It is as if the mind is caught in a relationship with itself and the rest of the body gets left behind and we can become numb to sensations and messages the body is trying to provide. For example, it is commonly known that the mind-gut connection is a physical reality so if stress impacts us physically in our gut, it also impacts our gut instincts and ability to trust our intuition. People can be so caught up in their mind and their outer world, they might ignore the physical messages their body is trying to relay. Or perhaps they are not keen to sit with the discomfort of trying to understand their inner world. Instead, they believe it’s easier to seek answers externally or find ways to numb the sensations. They don’t realise that taking some time to know themselves better might actually make them feel less stressed, anxious, depressed or time poor and more present in their own life. 

Beyond putting on your own lifejacket

The instruction ‘put your own lifejacket on first’ has moved beyond inflight briefings to be offered up as the reason why we should undertake self-care. But self-care can quickly become just something to add to an already too long ‘to do’ list if an individual has not taken time to understand what self-care would be best for them, the benefits they can gain from it and how it fits with their sense of self. Self-care rituals can be pointless if you are unable to be present and believe in their value.

Truly having a relationship with yourself goes far beyond the lifejacket example. It encompasses the relationship you have with your thoughts, behaviours, beliefs and values. It involves your movement, nutrition, how you show up in the world, who you spend your time with and much more. It’s about understanding what makes you you, what makes you feel well in your body and how you want to live your life.  

Starting the journey

Sometimes when you decide to embark on a journey of self-discovery, it’s difficult to know where to start. Factors such as anxiety, depression, poor self-esteem, or issues in your life may make it difficult to find focus or positive belief or it might simply feel too overwhelming to cope with. 

Fortunately, there are an increasing number of resources out there, many free of charge, that can help you to begin the journey. These include podcasts, books, guided journals, videos with mindful techniques such as meditation and breathing exercises together with gentle exercise.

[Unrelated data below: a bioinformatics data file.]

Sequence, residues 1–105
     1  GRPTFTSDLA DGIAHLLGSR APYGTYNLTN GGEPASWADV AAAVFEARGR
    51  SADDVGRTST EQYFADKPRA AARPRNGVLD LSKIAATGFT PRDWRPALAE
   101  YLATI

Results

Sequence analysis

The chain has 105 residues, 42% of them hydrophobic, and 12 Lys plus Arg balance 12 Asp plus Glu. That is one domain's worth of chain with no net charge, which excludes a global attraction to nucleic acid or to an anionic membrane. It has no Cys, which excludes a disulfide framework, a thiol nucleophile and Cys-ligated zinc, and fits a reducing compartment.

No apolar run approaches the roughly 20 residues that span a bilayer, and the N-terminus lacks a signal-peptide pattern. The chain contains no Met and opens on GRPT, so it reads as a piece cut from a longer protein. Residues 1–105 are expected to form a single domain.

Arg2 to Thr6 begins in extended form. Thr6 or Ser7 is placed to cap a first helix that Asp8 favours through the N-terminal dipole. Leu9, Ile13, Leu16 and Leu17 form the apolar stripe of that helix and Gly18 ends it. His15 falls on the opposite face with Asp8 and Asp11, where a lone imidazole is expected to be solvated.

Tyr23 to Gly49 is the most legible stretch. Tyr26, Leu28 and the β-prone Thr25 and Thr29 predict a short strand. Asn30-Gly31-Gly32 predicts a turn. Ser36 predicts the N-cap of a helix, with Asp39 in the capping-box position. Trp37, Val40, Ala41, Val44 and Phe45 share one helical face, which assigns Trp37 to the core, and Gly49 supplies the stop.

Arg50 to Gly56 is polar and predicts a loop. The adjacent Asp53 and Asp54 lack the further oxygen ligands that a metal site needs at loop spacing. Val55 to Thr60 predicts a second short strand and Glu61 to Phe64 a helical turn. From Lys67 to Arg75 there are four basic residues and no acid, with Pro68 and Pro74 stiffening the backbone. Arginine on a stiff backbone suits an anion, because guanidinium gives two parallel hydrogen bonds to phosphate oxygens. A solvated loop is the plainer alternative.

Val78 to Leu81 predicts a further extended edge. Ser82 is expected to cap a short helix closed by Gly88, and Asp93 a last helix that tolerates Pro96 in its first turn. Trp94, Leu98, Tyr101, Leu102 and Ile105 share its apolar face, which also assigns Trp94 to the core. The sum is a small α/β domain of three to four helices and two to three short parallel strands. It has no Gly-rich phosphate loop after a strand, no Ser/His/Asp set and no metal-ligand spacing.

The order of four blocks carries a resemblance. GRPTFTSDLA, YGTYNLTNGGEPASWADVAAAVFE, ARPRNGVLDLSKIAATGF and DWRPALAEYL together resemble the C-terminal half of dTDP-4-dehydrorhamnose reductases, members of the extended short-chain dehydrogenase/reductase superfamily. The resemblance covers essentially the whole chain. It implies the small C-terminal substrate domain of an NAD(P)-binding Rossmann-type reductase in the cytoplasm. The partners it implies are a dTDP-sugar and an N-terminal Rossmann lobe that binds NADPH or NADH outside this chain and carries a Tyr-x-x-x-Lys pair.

Working with a counsellor can be also helpful as they can provide you with a confidential space where you can explore your current situation and work on goals you would like to achieve. Your regular appointments can give you room to untangle the different elements of your story that have got you to this point. With the counsellor’s support you can consider how you would like to feel and behave differently. 

Trusting yourself as the expert of your own life

Once you have a greater understanding about your needs and desires, you can be more aware about what you need to do to look after yourself and what you need/don’t need from others and different situations in your life. For example, if you begin to realise that enjoying some quiet time at the weekend is essential to having a better week, then reaching out to others to help ensure you carve out some time away for yourself may be key. This can facilitate that 30 minute walk to clear your head or an hour on a Sunday afternoon to read a book. Alternatively, someone working at home may be feel lonely and isolated so ensuring they make it to their monthly book club or organise a night out with friends could be important.

Gaining awareness of what supports your mental wellbeing and putting small initiatives in place to create change will add up over time. It can give you a better understanding of the needs of your mind and your body, what things help to keep your batteries charged, what depletes you and how to respond to the relationships and events in your life in a way that works better for you. Having your relationship with yourself as a priority means it can become your anchor in life, always there during good days and not so good days, allowing you to better enjoy the journey of life and self-discovery.

Office of National Statistics (2023). Public opinions and social trends, Great Britain: personal well-being and loneliness. Retrieved from [Accessed 03/04/2024]

2 NHS (2023) NHS releases mental health medicines statistics for 2022/2023 in England. Retrieved from [Accessed 03/04/2024]